On November 23, 2018 the U.S. Global Change Research Program released Volume II of the 4th National Climate Assessment. Mandated by Congress, the 4th National Climate Assessment (NCA4) is a periodic review of the science, impacts, and forecasts of climate change in the U.S. The science underlying this report was reviewed in NCA4 Volume I, released in 2017.
The NCA4 report includes chapters by issue and region. The chapters on Air Quality and the Midwest describe the current state-of-the-science on how climate change is impacting, and will impact, air pollution in the LADCO region. Described as the “climate penalty”, current evidence suggests that climate change is leading to a net increase in air pollution in our region. For instance, summertime ozone concentration and ozone-related premature deaths are projected to increase in the 2050s and 2090s (see NCA4 Fig. 13.2 and Fig. 21.9) in the Midwest.
Climate conditions in the LADCO region that are favorable to air pollution are projected to increase in the future. In fact, the significant reductions in air pollution emissions realized in recent years may be attenuated by rising temperatures, increasing energy demands, and increasing wildfires. From the public health and economic standpoints, NCA4 notes that the ozone pollution impacts alone could result in 200-550 premature deaths annually in the Midwest by 2050 with regional costs as high as $4.7 billion.
The NCA4 report is not all doom and gloom. It offers solutions and mitigation strategies, some of which are already in place in the LADCO region. State Departments of Health throughout the LADCO region have been building climate resiliency plans that identify risks to minimize the health impacts to vulnerable communities. As climate altering pollution and air pollution emissions often share the same sources, there are opportunities to gain co-benefits by reducing the emissions from industrial and traffic sources. In other words, strategies to reduce air pollution emissions from cars, such as cleaner engine technologies, will also reduce carbon dioxide and help to mitigate climate change. It is also true that some strategies to reduce greenhouse gas emissions will reduce air pollution.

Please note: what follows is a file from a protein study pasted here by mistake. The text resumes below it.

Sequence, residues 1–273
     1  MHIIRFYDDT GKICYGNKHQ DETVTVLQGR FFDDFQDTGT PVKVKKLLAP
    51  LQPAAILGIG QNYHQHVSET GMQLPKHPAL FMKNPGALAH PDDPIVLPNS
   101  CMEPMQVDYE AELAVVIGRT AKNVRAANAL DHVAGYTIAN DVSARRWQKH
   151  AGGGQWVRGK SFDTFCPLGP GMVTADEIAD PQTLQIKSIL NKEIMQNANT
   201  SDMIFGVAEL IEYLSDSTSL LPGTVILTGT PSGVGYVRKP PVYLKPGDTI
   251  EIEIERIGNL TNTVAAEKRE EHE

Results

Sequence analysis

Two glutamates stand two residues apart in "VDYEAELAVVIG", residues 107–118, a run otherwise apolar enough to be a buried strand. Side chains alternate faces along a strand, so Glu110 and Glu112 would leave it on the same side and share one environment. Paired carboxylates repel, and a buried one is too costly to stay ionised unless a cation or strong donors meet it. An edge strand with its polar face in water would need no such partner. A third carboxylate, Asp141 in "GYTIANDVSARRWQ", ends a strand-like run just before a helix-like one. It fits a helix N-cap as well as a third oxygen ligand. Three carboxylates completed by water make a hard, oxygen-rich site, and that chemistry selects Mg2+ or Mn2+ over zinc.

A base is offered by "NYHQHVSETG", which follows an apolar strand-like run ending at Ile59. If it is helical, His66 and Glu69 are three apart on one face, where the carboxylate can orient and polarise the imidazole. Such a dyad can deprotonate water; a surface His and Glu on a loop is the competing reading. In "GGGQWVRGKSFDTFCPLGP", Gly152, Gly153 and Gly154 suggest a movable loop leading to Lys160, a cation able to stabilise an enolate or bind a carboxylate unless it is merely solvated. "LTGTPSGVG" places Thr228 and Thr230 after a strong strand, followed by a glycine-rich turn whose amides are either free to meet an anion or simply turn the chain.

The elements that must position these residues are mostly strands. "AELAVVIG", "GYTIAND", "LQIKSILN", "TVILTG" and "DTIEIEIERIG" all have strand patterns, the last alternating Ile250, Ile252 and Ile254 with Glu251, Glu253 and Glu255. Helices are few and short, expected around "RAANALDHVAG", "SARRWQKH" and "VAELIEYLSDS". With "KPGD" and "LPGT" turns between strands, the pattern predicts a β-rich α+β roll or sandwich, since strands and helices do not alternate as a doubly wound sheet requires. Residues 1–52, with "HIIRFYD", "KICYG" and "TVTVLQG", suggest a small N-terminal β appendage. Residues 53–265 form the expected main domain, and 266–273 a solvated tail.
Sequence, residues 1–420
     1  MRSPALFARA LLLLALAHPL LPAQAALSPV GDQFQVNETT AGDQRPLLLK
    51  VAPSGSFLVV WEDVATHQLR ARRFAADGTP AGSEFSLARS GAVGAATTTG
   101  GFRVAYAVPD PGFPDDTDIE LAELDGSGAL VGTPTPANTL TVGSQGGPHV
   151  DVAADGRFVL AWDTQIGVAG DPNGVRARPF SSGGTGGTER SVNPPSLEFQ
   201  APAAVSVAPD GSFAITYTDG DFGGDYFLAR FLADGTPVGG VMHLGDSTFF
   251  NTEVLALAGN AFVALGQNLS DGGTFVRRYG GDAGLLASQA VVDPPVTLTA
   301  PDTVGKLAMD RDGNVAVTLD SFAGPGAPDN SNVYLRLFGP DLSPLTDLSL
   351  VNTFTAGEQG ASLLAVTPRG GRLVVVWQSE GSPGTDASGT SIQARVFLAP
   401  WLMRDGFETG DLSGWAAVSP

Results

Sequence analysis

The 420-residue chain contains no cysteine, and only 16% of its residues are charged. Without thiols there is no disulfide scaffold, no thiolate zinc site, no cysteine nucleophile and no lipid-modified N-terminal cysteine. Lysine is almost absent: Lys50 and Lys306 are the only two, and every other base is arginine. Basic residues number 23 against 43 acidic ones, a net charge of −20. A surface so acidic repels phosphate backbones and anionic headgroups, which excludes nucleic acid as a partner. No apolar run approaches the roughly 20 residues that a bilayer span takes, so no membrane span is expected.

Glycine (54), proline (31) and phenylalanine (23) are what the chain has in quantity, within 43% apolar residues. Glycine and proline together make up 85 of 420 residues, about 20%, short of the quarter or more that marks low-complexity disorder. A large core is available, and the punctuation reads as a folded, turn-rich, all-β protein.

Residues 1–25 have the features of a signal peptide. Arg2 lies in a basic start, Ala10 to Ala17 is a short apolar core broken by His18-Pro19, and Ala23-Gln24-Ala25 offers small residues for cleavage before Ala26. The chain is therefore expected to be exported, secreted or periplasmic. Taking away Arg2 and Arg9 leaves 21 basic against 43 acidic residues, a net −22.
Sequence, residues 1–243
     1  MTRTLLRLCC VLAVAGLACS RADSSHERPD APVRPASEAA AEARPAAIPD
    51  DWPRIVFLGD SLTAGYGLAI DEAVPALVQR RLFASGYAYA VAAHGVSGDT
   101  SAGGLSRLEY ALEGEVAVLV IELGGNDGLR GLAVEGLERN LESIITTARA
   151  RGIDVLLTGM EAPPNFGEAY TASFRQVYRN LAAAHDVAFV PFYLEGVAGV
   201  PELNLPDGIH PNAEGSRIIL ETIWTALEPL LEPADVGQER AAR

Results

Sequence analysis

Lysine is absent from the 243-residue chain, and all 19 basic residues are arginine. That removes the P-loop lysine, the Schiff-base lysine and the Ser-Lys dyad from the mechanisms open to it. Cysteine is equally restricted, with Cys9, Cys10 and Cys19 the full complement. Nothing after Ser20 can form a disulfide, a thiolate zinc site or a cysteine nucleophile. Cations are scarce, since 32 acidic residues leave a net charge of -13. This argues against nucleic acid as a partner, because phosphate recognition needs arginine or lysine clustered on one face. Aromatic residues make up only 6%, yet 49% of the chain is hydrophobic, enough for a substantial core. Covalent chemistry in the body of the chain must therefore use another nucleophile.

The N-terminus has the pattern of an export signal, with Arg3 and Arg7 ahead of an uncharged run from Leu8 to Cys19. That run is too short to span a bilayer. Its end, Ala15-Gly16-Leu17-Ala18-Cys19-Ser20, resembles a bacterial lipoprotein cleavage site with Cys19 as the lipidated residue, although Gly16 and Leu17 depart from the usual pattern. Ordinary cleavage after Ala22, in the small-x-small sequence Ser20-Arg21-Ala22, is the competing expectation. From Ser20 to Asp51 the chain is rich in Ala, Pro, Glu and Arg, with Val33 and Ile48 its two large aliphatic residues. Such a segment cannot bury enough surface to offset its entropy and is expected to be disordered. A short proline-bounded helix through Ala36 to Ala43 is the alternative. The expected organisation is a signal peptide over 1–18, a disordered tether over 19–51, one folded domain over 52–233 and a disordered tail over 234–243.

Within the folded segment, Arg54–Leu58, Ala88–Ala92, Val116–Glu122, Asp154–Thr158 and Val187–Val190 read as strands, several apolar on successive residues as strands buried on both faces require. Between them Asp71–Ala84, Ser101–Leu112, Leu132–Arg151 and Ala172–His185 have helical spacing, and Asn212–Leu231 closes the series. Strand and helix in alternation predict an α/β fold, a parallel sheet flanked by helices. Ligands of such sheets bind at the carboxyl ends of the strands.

A key message in the NCA4 report is the connection between climate change and air pollution in the LADCO region. As temperature is a primary driver of ozone pollution in our region, forecasts of higher temperatures in the region present an air pollution planning challenge. Our predictions of the effectiveness of emissions reduction strategies, which are fundamental to State Implementation Plans, will likely become less reliable if we don’t also consider climate forecasts in our planning models.